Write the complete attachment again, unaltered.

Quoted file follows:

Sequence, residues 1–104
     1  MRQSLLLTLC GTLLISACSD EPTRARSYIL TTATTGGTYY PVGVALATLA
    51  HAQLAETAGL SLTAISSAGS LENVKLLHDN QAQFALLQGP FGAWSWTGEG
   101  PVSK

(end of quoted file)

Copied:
Sequence, residues 1–104
     1  MRQSLLLTLC GTLLISACSD EPTRARSYIL TTATTGGTYY PVGVALATLA
    51  HAQLAETAGL SLTAISSAGS LENVKLLHDN QAQFALLQGP FGAWSWTGEG
   101  PVSK